Frederic Michard: ... not even Apple. I mean-I mean any.... there are many different, you know? (laughs)

Desiree Chappell: Yeah (laughs).

Frederic Michard: But, uh, you know, you can monitor your heart rate

Desiree Chappell: Yeah. For sure.

Frederic Michard: ... you can detect A-fib, you can, uh

Desiree Chappell: Right (laughs).

Frederic Michard: ... I don't wear it now but I have a small bracelet from a Swiss doctor I'm not going to name but, um

Desiree Chappell: Yeah. I was gonna say, no product names.

Dan Sessler: (laughs)

Frederic Michard: ... but it, it's enough to poll system to measure your blood pressure every two hours.

Desiree Chappell: Ah.

Frederic Michard: So even when you sleep, you get your measurements

Desiree Chappell: Yeah.

Frederic Michard: ... uh, I heard that, uh, probably very soon watches will be able to give blood because values today have a [inaudible 00:34:06]. So, it's happening, uh, and, and it would be such a paradox if when you are admitted to the hospital, of course, not in the ICU but to a regular ward, then suddenly you, we lose

Desiree Chappell: It stop-

Frederic Michard: ... all these continuous information

Desiree Chappell: (laughs)

Frederic Michard: ... and we go back to what we were doing 50 years ago

Desiree Chappell: Yeah.

Frederic Michard: ... like spot check from time to time, if the nurse is not too busy.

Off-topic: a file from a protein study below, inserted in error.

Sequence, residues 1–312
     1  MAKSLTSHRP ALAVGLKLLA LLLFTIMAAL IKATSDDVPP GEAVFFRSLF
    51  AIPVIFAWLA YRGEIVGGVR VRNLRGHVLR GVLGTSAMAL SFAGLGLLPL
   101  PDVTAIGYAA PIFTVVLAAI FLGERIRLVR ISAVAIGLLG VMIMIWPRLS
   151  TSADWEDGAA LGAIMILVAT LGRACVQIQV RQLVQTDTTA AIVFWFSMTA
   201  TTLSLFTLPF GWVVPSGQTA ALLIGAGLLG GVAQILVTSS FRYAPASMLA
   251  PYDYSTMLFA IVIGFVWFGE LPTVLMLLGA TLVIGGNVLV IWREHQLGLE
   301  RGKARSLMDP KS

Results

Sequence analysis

Desiree Chappell: Yeah.

Frederic Michard: So that's why like, like, uh, Dan, I'm, I'm convinced it's going to happen anyway. It's not gonna be easy because it's, uh, it's a very big change for a surgical department, for regular wards

Desiree Chappell: Yeah.

Frederic Michard: ... uh, we'll have some pushback, but I think it's going to happen anyway.

Desiree Chappell: Yeah. Fantastic. Well, gentlemen, thank you so much for joining us today on TopMedTalk here at Euroanesthesia 2022. Dan, congratulations on POISE- 3 and the, all the good work that you've been doing. Is there any of your outcomes research group there? Amazing.

Dan Sessler: Thank you.

Desiree Chappell: Um, and Frederic, tell us a little bit more. I didn't, I didn't go into this. You're in, uh, your MiCo Consulting, right?

Frederic Michard: Yeah, yeah, yeah, yeah, yeah, I'm leading a consulting and research company based in Switzerland. And so, uh, I'm still in the research

Desiree Chappell: Yeah.